by CHAYA GREENBERGER
Isaac’s initiation into the patriarchy as a participant in building its legacy takes place at the akedah. He is portrayed as a full partner with Abraham in his own submission to God’s request for sacrifice.1 Isaac’s post-akedah life revolves around a return to the normative world, no small feat in the shadow of his near-death experience at the hands of the father he loves and the God he reveres. He marries and lives through the pain of twenty childless years, ending with the birth of two sons and a complex set of family dynamics. In the wake of a famine, Isaac moves to Gerar and establishes an economic and political foothold in the land, entering into a treaty with the local monarch. Initially designating Esau to be the next patriarch, he comes to realize that it is Jacob who is truly fit for the role. Isaac bestows upon him the historically significant blessings of Abraham, securing patriarchal continuity and the foundations for the making of a nation.
Isaac’s father Abraham is by nature an extrovert and an initiator. As he moves from place to place, Abraham opens up his hospitable tent to all and calls out in the name of God (Gen.12:8, 13:4, 18:4-8). Throughout his life Abraham engages his fellow man (e.g., in battle in order to free Lot from captivity) and God Himself (e.g., in his plea for Sodom and Amorah). Submission to God at the akedah comes for Abraham toward the end of a proactive existence. The trajectory of Isaac’s patriarchal life takes place in reverse, beginning with the ultimate submission. From that vantage point Isaac needs to learn how to engage the world; he encounters many stumbling blocks with surprisingly little in the way of Divine revelation to guide him. Remarkably missing, as will be further elaborated upon, is guidance with respect to choosing the son worthy of the birthright.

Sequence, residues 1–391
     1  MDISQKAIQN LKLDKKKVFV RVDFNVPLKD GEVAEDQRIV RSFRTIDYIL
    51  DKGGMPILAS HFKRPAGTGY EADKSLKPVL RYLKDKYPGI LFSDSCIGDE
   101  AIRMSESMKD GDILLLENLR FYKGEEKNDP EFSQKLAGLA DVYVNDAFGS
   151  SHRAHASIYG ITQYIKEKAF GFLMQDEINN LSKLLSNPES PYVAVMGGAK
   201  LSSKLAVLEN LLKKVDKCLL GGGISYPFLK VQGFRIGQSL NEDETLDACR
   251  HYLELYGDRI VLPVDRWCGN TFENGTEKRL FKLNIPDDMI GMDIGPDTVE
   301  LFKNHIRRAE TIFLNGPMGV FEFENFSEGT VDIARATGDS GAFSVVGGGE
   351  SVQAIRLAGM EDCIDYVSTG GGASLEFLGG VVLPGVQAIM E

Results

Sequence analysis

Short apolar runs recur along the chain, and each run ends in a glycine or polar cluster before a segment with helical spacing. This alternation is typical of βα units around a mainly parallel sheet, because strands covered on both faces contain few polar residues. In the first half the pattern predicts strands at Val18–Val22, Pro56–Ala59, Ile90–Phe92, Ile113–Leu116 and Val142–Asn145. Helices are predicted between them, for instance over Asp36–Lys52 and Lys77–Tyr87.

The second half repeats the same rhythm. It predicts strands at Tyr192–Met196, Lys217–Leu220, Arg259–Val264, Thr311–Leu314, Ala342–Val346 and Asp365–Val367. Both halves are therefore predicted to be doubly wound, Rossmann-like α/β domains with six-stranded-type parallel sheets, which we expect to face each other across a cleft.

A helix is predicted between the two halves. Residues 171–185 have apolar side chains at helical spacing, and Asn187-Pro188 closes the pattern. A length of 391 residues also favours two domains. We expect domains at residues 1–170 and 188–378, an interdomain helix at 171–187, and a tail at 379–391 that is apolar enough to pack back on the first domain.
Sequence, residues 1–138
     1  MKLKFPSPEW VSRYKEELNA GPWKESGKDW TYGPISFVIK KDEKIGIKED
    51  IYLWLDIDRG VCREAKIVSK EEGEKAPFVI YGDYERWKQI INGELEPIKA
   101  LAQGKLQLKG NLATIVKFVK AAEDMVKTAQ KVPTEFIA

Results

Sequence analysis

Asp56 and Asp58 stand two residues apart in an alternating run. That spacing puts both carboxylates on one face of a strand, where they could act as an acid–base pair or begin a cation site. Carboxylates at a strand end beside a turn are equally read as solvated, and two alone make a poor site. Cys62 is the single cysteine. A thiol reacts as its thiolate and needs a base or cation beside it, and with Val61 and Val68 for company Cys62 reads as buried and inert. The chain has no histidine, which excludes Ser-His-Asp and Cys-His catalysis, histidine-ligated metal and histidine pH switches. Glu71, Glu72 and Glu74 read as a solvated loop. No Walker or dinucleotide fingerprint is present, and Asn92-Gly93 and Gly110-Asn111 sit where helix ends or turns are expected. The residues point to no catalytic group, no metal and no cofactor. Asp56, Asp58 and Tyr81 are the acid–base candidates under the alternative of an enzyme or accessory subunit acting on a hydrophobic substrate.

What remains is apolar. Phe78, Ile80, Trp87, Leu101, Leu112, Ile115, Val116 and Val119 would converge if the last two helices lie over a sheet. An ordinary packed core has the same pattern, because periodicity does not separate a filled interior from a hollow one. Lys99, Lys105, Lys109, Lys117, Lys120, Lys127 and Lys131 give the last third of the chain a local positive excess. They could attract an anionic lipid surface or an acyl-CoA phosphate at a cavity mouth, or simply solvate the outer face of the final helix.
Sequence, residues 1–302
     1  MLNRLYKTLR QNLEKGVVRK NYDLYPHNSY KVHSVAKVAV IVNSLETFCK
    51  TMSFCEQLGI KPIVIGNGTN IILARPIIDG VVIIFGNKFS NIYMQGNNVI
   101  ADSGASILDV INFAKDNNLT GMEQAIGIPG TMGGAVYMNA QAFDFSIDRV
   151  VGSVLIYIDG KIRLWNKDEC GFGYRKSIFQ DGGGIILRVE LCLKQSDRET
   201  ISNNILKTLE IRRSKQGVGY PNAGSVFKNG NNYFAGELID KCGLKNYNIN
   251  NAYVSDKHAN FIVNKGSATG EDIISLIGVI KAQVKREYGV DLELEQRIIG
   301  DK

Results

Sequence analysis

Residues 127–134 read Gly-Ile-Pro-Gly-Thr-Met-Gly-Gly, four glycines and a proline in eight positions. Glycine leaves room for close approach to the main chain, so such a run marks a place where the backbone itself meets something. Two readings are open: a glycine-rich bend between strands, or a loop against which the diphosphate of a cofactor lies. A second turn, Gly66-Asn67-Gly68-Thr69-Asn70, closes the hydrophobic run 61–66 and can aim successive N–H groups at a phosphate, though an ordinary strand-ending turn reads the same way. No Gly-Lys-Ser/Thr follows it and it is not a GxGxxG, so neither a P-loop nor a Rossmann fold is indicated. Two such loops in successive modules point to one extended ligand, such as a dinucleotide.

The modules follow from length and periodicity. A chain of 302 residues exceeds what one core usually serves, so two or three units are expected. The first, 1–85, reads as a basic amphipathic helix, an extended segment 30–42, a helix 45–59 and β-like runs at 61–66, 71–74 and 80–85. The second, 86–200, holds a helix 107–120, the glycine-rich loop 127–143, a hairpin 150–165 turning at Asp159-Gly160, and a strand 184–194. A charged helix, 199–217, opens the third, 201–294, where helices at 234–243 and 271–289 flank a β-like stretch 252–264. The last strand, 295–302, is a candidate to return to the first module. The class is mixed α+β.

Although midrashic2 and liturgic3 sources speak to Isaac’s legacy of self-sacrifice at the akedah, the text itself, as will become apparent, describes another legacy: mustering the strength to live a coherent, goal-oriented, and contributive life after the akedah. Both of these legacies are an inspiration for posterity; the latter will be the focus of this analysis.
THE AKEDAH FROM ISAAC’S PERSPECTIVE
The akedah is described as a test for Abraham (Gen. 22:1) and the narrative contains a rapid run of verbs depicting his actions: rose early, saddled his donkey, took his servant lads and Isaac, chopped the wood, got up and went, took the trees, put them on Isaac, took the fire and the knife, built the altar, arranged the wood, tied his son, put him on the altar, and took the knife )Gen. 22:3-6, 9-11). As the drama comes to an end and Abraham is commanded to refrain from harming Isaac, God sublimely praises Abraham for his submission – For now I know that you fear God (Gen. 22:12) and reiterates the great rewards he has merited – children, land, and a Divine covenant (Gen. 22:16-18). Abraham, moreover, emerges from the akedah to resume his prior activities. The text relates that he immediately returns to Beer Sheba (Gen. 22:18) with his lads, possibly to continue managing his hostel (the eshel in which he provided hospitality for voyagers and passersby); business, in this respect, continues as usual.